And it isn't just in some theoretical future that the wars will affect the nation's economy: They already have. The conditions that precipitated the financial crisis in 2008 were shaped in part by the war on terror. The invasion of Iraq and the resulting instability in the Persian Gulf were among the factors that pushed oil prices up from about $30 a barrel in 2003 to historic highs five years later, peaking at $140 a barrel in current dollars in 2008. Higher oil prices threatened to depress U.S. economic activity, prompting the Federal Reserve to lower interest rates and loosen regulations. These policies were major contributors to the housing bubble and the financial collapse that followed.
Complete tripe. Oil price raises were the product of speculation in the market. You can’t press interest lower than 0% which is where the Fed’s had it for longer than 2008, and the loose regulations were a product of the previous two decade’s activity in Congress, not some domino effect beginning with 9/11.
Now, the war's huge deficits are shaping the economic debate, and they could keep Congress from enacting another round of needed stimulus spending to help the country climb out of its economic malaise. Many of these war debts are likely to continue to compromise America's investments in its future for decades.
Show me that the stimulus that was passed did any good and we’ll talk. You want to get serious about fixing this economy? Raise interest rates, lower taxes (or don’t raise them), and reduce regulations—target those that favor big over small.
For years, the public failed to adequately question how it was possible that we could spend and borrow so freely, with so few consequences. But now the painful legacy of these decisions has become clear. Throughout the past decade, Congress routinely approved huge "emergency" appropriations to pay for the wars. This process preempted the usual scrutiny and debate that accompanies large spending bills. In part, this is because the U.S. lacks the basic accounting tools necessary for informed debate. Our future debts from the war are not listed anywhere in the federal government's budget. We don't even know for certain where the money has been spent. The Pentagon hasn't produced a clean financial audit in the 20 years since government auditing began, nor has it developed an accounting framework that would allow an assessment of the future costs of current decisions. This has almost certainly increased the overall cost of the war.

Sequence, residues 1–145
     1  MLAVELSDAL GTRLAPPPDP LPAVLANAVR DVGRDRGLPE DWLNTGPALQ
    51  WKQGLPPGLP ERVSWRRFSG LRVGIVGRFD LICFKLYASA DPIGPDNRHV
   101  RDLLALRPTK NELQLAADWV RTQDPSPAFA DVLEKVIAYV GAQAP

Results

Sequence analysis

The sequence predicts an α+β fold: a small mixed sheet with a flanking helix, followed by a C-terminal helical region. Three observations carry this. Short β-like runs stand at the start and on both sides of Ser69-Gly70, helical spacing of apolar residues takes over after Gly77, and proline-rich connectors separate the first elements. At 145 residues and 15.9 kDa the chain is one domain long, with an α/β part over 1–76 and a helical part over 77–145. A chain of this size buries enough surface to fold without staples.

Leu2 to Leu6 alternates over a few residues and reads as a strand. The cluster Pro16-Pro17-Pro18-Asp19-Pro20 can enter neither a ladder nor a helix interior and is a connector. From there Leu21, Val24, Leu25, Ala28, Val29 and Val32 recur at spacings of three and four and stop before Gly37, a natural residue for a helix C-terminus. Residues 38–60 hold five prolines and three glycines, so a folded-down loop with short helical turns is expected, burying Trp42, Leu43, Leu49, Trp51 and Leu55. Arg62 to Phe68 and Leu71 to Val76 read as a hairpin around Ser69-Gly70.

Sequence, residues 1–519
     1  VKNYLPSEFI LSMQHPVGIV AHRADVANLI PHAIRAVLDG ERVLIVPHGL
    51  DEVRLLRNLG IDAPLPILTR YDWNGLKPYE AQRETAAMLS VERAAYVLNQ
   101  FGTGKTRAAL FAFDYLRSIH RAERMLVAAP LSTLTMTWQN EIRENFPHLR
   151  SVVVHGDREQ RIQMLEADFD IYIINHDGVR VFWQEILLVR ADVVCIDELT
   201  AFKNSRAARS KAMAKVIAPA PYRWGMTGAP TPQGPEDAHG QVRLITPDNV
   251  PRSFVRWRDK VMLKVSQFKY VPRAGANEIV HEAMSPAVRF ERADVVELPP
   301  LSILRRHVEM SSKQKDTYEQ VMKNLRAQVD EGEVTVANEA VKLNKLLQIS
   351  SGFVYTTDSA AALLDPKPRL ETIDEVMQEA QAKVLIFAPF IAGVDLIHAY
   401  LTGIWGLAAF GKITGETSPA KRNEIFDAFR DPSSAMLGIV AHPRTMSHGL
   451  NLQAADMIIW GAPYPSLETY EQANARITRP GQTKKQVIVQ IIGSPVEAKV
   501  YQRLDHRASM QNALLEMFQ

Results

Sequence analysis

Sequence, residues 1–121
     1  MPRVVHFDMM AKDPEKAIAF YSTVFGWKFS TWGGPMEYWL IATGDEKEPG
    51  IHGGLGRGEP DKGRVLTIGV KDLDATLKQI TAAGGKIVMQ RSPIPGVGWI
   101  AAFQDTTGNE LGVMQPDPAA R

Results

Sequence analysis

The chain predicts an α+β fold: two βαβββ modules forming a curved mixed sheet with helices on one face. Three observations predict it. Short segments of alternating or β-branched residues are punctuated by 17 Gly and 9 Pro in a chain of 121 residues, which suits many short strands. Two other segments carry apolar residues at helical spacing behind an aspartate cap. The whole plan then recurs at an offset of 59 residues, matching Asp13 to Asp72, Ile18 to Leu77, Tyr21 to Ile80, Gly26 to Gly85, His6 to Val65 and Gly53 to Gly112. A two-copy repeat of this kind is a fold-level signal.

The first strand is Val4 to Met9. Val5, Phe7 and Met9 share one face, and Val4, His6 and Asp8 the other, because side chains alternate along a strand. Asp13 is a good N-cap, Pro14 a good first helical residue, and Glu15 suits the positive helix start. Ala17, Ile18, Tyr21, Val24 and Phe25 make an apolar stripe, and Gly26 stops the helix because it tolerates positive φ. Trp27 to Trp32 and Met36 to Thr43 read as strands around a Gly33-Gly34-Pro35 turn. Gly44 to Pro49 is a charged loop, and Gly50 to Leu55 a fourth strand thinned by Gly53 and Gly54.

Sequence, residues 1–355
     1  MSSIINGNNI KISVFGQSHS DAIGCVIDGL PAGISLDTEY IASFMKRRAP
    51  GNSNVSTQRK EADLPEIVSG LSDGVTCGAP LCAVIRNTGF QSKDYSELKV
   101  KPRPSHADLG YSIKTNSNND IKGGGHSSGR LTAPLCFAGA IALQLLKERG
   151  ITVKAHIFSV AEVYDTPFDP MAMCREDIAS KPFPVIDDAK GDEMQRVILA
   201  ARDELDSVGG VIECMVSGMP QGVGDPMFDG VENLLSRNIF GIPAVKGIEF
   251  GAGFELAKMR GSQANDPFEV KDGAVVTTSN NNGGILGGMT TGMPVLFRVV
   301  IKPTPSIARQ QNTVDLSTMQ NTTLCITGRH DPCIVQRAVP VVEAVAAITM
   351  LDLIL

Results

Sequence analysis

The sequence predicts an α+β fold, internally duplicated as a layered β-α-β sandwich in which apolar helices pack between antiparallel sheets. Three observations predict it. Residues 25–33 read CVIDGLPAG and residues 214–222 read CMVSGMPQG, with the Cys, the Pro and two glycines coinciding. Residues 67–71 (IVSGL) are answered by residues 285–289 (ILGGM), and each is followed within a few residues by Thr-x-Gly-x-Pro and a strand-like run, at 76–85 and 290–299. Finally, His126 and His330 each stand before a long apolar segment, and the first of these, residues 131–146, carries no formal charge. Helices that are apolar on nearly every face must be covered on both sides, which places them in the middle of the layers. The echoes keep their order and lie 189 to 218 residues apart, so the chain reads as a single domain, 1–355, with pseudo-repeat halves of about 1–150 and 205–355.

This is the only paragraph of this article that was worth publishing. It’s also indistinguishable in many respects from similar comments made by Tea Party members, much less Harvard faculty members and Nobel laureates.
Our response to Sept. 11 has weakened both the current economy and our future economic prospects. And that legacy of economic weakness — combined with the erosion of the credibility of our military power and of our "soft power" — has undermined, rather than strengthened, our national security.
Our unquestioning approach to entitlements and ‘damn the torpedoes’ approach to Social Security is every bit as citable as a contributing factor to the debt and much more so to our economic weakness. The erosion of our power is a feature, not a bug, of the current administration’s policies and the authors’ lamenting it here is what lacks credibility.
Nearly 10 years into the Afghanistan war, the violence in that country shows little sign of abating. August was the deadliest month of the war yet for U.S. troops, and there were also multiple attacks on Afghan security forces, government officials and civilians. The surge in violence comes as NATO is drawing down and handing over security control to national forces. But tens of thousands of U.S. military personnel are scheduled to remain in Afghanistan through the end of 2014.
That’s what we signed up for. August’s fatality count is skewed by one large event, 25 lives lost in one helicopter crash—with such a low casualty rate—the lowest in any war we’ve ever engaged in, it’s hard for them to make those statistics as dire as their ‘well intentioned’ arguments require. If anything, spikes in violence and enemy activity should signal that it’s too soon to hand over security control.
The costs of fighting the war on terror have already been far higher than they needed to be. The U.S. should not take on even greater war debt without understanding the true costs of continuing down that path.
Define “need to be” with regard to national security or with regard to a new 9/11 type attack. What’s the “real cost” then?